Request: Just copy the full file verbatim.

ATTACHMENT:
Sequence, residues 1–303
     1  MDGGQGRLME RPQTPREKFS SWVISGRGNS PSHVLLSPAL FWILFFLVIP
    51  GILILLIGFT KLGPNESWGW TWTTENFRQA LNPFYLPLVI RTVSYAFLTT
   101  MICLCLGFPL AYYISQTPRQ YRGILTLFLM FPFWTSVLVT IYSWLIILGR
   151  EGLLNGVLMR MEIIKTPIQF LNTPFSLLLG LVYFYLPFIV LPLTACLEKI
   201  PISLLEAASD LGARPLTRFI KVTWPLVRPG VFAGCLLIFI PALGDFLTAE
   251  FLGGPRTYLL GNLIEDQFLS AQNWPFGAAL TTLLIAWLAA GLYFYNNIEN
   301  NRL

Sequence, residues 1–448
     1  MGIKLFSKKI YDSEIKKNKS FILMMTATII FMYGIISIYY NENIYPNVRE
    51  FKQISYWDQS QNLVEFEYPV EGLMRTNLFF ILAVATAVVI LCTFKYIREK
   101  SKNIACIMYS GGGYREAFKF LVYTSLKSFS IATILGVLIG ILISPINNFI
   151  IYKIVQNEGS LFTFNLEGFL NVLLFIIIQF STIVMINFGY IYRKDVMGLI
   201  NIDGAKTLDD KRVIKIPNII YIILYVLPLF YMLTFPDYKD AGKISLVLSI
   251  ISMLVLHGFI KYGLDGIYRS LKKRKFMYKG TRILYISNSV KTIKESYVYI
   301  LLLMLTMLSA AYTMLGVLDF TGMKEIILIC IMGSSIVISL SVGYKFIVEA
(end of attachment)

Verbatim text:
Sequence, residues 1–303
     1  MDGGQGRLME RPQTPREKFS SWVISGRGNS PSHVLLSPAL FWILFFLVIP
    51  GILILLIGFT KLGPNESWGW TWTTENFRQA LNPFYLPLVI RTVSYAFLTT
   101  MICLCLGFPL AYYISQTPRQ YRGILTLFLM FPFWTSVLVT IYSWLIILGR
   151  EGLLNGVLMR MEIIKTPIQF LNTPFSLLLG LVYFYLPFIV LPLTACLEKI
   201  PISLLEAASD LGARPLTRFI KVTWPLVRPG VFAGCLLIFI PALGDFLTAE
   251  FLGGPRTYLL GNLIEDQFLS AQNWPFGAAL TTLLIAWLAA GLYFYNNIEN
   301  NRL

Sequence, residues 1–448
     1  MGIKLFSKKI YDSEIKKNKS FILMMTATII FMYGIISIYY NENIYPNVRE
    51  FKQISYWDQS QNLVEFEYPV EGLMRTNLFF ILAVATAVVI LCTFKYIREK
   101  SKNIACIMYS GGGYREAFKF LVYTSLKSFS IATILGVLIG ILISPINNFI
   151  IYKIVQNEGS LFTFNLEGFL NVLLFIIIQF STIVMINFGY IYRKDVMGLI
   201  NIDGAKTLDD KRVIKIPNII YIILYVLPLF YMLTFPDYKD AGKISLVLSI
   251  ISMLVLHGFI KYGLDGIYRS LKKRKFMYKG TRILYISNSV KTIKESYVYI
   301  LLLMLTMLSA AYTMLGVLDF TGMKEIILIC IMGSSIVISL SVGYKFIVEA